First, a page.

The present invention includes a system of user directed assessments and evaluation scales along with clinically accepted post surgical protocols supported by a database library of treatments based on specific phases of rehabilitation and the related goals, including rehabilitation exercise videos, precautions, utilization of assistive devices, and other therapeutic treatments. The system performs the assessment to determine a user's physical capability as well as functional capacity, wherein capability is a determination of the user's ability to perform a particular task using a specific part of the body and capacity measures how well or with what degree of difficultly the person performs the assigned task with the part of the body. The user communicates with the system through a communication device. The scope of the present invention is not limited by the type of device used to communicate with the system. For example, the user can communicate with the system using an interactive or web-enabled television (TV), an interactive Digital Video Disk (DVD), fill out and fax a form, use a touchtone phone to manually enter responses.
Referring now to
Referring now to
The user can perform an assessment, preferably in substantially real-time at a single session, and using any of the devices 40 to communicate the information to the system 10, wherein the application program will receive and read the data that is later stored in the database. The user can also communicate answers or responses through a Personal Digital Assistant (PDA) or a wireless phone. In yet another embodiment the user would respond, as prompted, to the questions that are verbally presented. In an alternative embodiment, the user can respond to prompts from the system 10 based on a list of written questions that the user previously received. Accordingly, the user can receive the questions in advance and conduct the assessment using a telephone having Dual Tone Multi-Frequency (DTMF) functionality. Additionally, the system 10 is in communication with third parties or health care providers 46. Accordingly, the user's medical history and the results of the user's assessment can be directly communicated to the health care provider 46 thereby allowing a user to complete an assessment and instantly provide the results of the assessment to the health care provider 46.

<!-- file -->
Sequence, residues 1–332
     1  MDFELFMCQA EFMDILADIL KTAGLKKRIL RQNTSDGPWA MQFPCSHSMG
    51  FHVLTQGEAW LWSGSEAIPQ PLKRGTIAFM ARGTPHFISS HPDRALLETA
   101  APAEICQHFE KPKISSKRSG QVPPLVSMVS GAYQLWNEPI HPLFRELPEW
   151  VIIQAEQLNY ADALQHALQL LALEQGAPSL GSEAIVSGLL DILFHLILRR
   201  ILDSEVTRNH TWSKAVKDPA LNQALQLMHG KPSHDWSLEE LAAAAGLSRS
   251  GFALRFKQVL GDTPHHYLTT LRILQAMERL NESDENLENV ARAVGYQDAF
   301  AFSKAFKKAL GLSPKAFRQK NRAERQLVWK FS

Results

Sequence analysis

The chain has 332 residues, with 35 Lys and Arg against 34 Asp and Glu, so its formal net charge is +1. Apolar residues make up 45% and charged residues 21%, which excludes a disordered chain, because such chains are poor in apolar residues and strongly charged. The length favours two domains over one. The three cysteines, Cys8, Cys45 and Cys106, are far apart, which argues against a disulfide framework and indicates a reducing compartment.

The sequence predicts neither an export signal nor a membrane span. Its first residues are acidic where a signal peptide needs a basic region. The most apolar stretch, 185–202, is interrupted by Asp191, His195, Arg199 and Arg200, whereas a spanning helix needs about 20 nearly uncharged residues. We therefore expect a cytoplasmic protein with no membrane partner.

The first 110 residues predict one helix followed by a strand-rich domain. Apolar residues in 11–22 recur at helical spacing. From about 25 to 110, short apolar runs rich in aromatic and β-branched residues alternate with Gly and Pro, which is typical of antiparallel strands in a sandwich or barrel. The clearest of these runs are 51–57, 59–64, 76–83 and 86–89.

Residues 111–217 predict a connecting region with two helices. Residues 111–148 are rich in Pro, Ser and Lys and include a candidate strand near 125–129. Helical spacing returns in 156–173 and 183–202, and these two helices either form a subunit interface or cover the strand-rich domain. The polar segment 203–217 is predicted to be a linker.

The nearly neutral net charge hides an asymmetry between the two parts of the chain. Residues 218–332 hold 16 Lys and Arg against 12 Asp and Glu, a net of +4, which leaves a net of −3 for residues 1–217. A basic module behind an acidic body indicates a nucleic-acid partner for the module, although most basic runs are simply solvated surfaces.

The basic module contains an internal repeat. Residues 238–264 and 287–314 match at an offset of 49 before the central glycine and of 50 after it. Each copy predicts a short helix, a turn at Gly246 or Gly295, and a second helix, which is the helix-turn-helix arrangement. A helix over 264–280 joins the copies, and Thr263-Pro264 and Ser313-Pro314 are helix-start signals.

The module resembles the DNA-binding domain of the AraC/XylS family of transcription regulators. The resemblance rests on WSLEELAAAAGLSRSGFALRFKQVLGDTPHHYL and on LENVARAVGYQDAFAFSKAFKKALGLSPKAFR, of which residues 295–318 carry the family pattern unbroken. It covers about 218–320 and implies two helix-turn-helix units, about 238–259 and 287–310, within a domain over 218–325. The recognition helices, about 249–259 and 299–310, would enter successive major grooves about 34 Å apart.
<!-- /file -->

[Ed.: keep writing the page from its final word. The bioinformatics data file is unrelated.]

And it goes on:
Referring now to
Referring now to
One example of the information provided and the analysis performed is related to the ankle specific medical history as shown below. The user responds to a series of questions as follows:
If this is the same injury you have used TherapyPro for in the last 6
months, then go to the functional ankle scale
General health perception
(0 = total disability and 10 = is without any physical limitation)
0 1 2 3 4 5 6 7 8 9 10
Current level of physical fitness
(0 = cannot move, 10 = competitive athlete)
0 1 2 3 4 5 6 7 8 9 10
Circle an activity level that best describes your typical level of activity.
What is your current functional level compared to your level prior
to this injury?
10% 20% 30% 40% 50% 60% 70% 80% 90% 100%
Does another injury limit your functional capacity prior to the current
injury Y N
If yes, what level of unrestricted function were you prior to this injury
10% 20% 30% 40% 50% 60% 70% 80% 90% 100%
Please assess this other injury as well to have a complete exercise program
to improve your condition.
Please indicate where this injury is and assess it also in order to have a
complete program design.